Thank you for praying for us!

Thursday, November 10, 2011

Spelling Matters

One of the hardest things about English for those who learn it as a second language is that there are a lot of words that we don't spell phonetically.
Spell check filters out a lot of mistakes - but it doesn't when the word you spell is an actual word which means something else.

For example: at this restaurant in Ukraine, you can get a delicious "stake".

I hope that is just a misspelling of steak and not a comment on the quality of their meat.

If you aren't in the mood to eat a stake, you could always order some pancakes, AKA: "craps".

Again, I hope this is simply a misspelling of crêpes, and not a warning about what their pancakes taste like.

Sunday, November 06, 2011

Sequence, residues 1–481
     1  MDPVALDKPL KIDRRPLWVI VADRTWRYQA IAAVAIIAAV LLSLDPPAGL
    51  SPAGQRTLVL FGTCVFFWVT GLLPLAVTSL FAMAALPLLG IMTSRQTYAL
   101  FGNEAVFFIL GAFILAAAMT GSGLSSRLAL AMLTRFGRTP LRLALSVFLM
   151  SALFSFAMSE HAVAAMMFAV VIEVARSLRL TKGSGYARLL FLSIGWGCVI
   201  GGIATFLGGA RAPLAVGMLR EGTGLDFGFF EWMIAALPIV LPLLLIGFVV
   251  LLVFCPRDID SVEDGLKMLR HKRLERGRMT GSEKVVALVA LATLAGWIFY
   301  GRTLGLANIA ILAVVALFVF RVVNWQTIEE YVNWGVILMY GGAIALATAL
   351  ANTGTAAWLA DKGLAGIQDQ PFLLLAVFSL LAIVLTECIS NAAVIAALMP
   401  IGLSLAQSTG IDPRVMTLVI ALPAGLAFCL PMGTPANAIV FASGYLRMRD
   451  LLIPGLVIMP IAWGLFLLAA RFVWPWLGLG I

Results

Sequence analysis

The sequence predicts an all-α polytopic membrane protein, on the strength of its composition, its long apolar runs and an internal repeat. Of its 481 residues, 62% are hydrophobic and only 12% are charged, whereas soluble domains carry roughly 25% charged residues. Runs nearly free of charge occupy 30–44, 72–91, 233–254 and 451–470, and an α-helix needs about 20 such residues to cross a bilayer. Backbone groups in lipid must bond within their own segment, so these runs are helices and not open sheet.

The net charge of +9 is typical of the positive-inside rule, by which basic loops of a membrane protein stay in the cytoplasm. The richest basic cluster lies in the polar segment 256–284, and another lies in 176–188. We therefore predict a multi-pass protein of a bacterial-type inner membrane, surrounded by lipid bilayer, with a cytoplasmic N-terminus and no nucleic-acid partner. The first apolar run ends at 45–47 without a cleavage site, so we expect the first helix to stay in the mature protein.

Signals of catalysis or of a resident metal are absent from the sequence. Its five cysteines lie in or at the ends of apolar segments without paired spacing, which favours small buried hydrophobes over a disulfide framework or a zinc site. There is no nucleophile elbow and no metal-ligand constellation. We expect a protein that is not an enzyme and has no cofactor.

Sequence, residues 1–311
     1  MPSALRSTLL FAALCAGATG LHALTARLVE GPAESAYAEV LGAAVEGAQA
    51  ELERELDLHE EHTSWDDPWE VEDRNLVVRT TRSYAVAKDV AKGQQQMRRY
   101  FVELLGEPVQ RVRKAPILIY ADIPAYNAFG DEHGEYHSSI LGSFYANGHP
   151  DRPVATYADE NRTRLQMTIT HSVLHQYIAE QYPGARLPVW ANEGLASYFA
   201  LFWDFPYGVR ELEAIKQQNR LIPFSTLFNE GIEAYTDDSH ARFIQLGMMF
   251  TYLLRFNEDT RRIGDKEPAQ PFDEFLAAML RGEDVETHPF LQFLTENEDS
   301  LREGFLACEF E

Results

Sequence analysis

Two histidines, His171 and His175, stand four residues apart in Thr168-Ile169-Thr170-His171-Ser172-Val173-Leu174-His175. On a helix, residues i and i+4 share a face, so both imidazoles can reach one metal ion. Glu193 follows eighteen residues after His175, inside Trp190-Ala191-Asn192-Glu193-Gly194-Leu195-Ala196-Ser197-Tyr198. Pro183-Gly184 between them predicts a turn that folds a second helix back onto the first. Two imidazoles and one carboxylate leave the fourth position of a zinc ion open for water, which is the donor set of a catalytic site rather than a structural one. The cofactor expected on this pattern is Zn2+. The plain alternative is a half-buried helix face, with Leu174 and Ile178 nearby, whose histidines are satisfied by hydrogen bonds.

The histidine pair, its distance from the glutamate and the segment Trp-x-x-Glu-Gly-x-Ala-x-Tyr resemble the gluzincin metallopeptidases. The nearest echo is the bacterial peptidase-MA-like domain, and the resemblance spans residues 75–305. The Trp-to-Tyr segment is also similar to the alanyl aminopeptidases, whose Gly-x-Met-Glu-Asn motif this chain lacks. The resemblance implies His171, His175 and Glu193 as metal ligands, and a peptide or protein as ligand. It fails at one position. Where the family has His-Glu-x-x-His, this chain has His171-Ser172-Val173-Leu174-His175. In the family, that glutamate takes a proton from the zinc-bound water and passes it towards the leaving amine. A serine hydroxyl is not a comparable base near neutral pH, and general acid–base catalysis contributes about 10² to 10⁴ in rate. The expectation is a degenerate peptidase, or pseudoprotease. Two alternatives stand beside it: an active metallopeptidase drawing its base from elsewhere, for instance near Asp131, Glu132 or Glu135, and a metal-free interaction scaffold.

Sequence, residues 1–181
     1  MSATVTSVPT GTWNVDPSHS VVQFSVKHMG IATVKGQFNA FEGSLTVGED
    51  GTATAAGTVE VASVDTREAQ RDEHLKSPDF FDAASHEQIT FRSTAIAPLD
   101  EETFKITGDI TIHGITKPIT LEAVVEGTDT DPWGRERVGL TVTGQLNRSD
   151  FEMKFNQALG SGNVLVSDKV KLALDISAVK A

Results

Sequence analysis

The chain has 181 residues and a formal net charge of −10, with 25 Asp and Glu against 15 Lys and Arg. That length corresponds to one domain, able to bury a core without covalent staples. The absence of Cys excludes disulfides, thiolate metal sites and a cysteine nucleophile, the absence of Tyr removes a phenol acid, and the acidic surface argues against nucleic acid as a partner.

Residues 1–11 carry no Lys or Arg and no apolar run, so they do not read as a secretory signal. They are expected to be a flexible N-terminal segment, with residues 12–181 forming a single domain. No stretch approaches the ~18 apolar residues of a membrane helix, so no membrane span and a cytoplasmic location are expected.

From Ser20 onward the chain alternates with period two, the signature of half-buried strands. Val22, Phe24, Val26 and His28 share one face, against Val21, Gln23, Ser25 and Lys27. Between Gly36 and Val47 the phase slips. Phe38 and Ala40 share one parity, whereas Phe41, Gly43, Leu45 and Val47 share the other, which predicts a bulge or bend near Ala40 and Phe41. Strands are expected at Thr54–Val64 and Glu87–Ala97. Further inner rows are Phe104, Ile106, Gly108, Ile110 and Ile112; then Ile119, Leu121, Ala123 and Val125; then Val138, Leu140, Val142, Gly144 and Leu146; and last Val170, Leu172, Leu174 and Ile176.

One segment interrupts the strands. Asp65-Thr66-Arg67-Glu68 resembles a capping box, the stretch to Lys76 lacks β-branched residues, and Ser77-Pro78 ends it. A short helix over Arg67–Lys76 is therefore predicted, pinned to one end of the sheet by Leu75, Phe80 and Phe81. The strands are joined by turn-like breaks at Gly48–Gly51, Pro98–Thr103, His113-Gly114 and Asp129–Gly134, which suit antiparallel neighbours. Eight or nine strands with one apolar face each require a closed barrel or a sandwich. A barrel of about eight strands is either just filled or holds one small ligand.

A Few Thoughts After a Week in Ukraine

  1. I like Ukraine. Maybe it is the great people I know there. There is something about the country that I like a lot. Maybe I just like a bit of imperfection and incongruity. Maybe I just like a bit of grunge. I can't put my finger on it - but there is something I like about Ukraine.
  2. L'viv is a beautiful city. I would recommend everyone to go there. And it is closer to Eger by car than Krakow. Only 5 hrs away by car, and the roads are good. Not all roads in Ukraine are good - but that one is.
  3. Hungarian roads are GREAT. Whoever those people are who criticize Hungarian roads as bad, they have no idea what they are talking about, and they need to get out more.

Thursday, November 03, 2011

Border Lines

It seems that this Ukrainian tea company doesn't believe in the existence of Hungary or Slovakia.

Probably it is a conspiracy from Romanian nationalists... :-)

Monday, October 31, 2011